APCD orders DWP to clean up more dust

drylakedustcloudIn a strongly worded, 7-page letter, Air Pollution Control District Director Ted Schade tears apart the Los Angeles Department of Water and Power’s refusal to clean up a remaining three square miles of pollution.  The refusal,  Schade says, is “not based on law or science, is not a reasonable conclusion and would subject the Owens Valley public and environment to many additional years of unhealthful dust.”

Schade exposes DWP’s denial of the dust problem as an old tactic described by Schade as “denial, delay and broken promises.”  The APCD Director carefully points out that by law and by agreement with DWP, he is bound to examine the lake bed for ongoing pollution.  He credits DWP with reduction of pollution by almost 80% of what was the “largest, single source of PM10 air pollution in the country.”

The letter to DWP General Manager Ron Nichols is the Final 2011 Supplemental Control Requirements Determination, required by by law and by agreements with DWP.  It covers data between 2006 and 2010.  Schade describes the determination as a “reasonable requirement to control 2.93 square miles of additional areas” on the dry lake bed that caused or contributed to 112 violations of the federal 24-hour PM10 air quality standard.

Schade says DWP’s claims that the 3 acres are not a problem lack “any credible supporting evidence.” He says APCD does offer strong proof that DWP’s claims are false – claims that the dust really comes from somewhere besides the dry lake bed or from construction-related activities.  Schade also reveals that DWP refused to cooperate with earlier talks that related to this new dust issue.

Schade’s letter says, “Instead of controlling the undisputed air pollution and protecting public health and the environment, the DWP proposes to postpone all additional PM10 controls and, instead, conduct more studies.”  Schade’s letter says with regret that “this is not the time for a return to the pre-1998 days of denial, delay and broken promises.”

Observers of Owens Valley water issues commented that DWP has used the same tired tactic of delay and study to stymie groundwater recovery.  According to the APCD board order, Schade has directed DWP to come up with a remedial action plan in 60 days to use pollution control measures on the some 3 square miles of lake bed and to prepare plans for 2 more square miles that are on “Watch” for pollution.

Sierra Wave placed a call to LADWP headquarters in Los Angeles to request a comment from General Manager Ron Nichols.  We await his reply.

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DESCO
DESCO
11 years ago

@ Ken Warner
Google borax.
Then google borax owens lake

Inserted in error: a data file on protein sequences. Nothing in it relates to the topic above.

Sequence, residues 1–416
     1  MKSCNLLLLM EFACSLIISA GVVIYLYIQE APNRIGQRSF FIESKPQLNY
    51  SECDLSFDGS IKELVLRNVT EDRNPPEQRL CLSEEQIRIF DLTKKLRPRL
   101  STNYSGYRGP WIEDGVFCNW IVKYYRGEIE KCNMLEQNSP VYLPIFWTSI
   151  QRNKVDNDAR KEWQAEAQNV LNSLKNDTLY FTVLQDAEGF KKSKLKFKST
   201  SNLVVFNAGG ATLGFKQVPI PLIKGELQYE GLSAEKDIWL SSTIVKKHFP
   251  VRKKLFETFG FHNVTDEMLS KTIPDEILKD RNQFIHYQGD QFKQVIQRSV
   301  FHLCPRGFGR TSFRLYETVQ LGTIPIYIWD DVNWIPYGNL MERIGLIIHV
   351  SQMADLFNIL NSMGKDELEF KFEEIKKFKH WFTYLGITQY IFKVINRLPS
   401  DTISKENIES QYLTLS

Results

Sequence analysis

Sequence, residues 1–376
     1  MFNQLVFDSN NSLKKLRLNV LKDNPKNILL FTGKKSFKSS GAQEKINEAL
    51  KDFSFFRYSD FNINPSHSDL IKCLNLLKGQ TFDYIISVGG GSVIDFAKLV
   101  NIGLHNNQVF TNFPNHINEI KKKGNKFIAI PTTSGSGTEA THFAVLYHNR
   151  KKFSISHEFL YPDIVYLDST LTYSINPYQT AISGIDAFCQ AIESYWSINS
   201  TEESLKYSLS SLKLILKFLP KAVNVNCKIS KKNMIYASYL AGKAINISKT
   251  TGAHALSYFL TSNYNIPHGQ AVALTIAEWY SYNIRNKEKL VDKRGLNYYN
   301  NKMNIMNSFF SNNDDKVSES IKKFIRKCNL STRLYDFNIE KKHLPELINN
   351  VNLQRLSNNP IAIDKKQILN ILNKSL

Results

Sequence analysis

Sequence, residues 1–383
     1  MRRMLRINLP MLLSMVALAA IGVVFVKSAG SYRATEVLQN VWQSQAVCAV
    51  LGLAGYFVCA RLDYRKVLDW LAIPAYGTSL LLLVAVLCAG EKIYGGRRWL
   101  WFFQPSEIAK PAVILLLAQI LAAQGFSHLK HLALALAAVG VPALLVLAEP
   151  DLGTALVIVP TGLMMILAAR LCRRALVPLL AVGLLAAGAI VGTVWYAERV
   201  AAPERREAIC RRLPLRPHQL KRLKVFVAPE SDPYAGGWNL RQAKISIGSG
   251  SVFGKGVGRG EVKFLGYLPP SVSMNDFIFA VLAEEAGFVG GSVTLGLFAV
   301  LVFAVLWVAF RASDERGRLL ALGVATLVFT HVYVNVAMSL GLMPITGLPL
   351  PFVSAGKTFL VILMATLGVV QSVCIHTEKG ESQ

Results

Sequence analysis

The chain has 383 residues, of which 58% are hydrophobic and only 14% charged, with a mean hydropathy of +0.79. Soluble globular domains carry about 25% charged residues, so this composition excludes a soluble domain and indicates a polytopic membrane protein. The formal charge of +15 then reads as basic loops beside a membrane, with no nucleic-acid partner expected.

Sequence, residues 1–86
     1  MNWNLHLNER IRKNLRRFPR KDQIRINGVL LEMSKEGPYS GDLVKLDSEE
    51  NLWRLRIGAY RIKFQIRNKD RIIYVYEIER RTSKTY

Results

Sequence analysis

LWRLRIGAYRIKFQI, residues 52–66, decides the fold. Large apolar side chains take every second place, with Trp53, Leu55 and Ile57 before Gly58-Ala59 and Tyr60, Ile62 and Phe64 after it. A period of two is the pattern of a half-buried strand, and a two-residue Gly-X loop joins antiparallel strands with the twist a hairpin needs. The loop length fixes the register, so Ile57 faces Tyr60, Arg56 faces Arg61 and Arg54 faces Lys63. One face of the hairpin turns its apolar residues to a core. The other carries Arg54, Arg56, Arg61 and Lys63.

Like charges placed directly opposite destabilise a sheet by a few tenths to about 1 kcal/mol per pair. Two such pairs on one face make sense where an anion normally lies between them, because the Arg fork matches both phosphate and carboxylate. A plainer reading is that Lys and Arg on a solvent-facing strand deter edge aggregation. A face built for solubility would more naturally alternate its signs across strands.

David
David
11 years ago

The amount of water loss through evaporation in the open canals and aqueduct around the Owens valley isn’t significant; however, I’ve talked to subcontractors of LADWP’s and they have emphatically stated that the entire flow of the aqueduct and all of its tributaries could be released into the Dry Lake… Read more »

Ted Schade
Ted Schade
11 years ago
Reply to  David

David – Owens Lake is a saline terminal lake. For thousands of years water and minerals flowed in, but only the water evaporated, leaving behind a saltier and saltier lake (like Mono Lake). Millions of tons of salt have been deposited on the lake bed. Any fresh water added to… Read more »

David
David
11 years ago
Reply to  Ted Schade

Thanks Mr. Schade!

Ken Warner
Ken Warner
11 years ago
Reply to  Ted Schade

What is the composition of the salt deposits? Are there any valuable minerals there? Could the lake bed be scraped to remove the salts? Just wondering if there is some kind of scheme whereby the salts could be removed so that the lake could be filled and used as a… Read more »

Ted Schade
Ted Schade
11 years ago
Reply to  Ken Warner

When we use the word salt at Owens Lake, we are typically not referring to table salt (sodium chloride). Owens Lake salts are mostly sodium sulfate and sodium carbonate salts, like trona. US Borax has a lease for the salt. It just isn’t worth enough and is located too far… Read more »

Ken Warner
Ken Warner
11 years ago
Reply to  Ted Schade

Thanks for your informative reply. I was grasping at straws.

The real solution would be for L.A. to use less water — like that would ever happen.

Wayne Deja
Wayne Deja
11 years ago

And now,this fall and winter,another group of workers coming in, contracted out to help” solve” the problem…….Simple solution said it all….Just put some(a bunch) of water back in the lake……simple solution…

Simple Solution
Simple Solution
11 years ago

How about just put some water back in the dry lake?

LP
LP
11 years ago

Because Simple, Los Angeles continues to live by William Mulholland’s famous statement, “There it is. Take it.” Mulholland was also quoted as saying (in regards to the taking of the water) that he, “half-regretted the demise of so many of the valley’s orchard trees, because now there were no longer… Read more »

David
David
11 years ago

Delay and study? With so many staff members at LADWP making in excess of $85K a year this should be no problem for them to study. Multi-million dollar contracts are constantly being let out to companies in Idaho and elsewhere to tweak results that show LADWP is not causing groundwater… Read more »

J.H.
J.H.
11 years ago

I never heard of Ted Schade before today, but I already like ya! Screw DWP!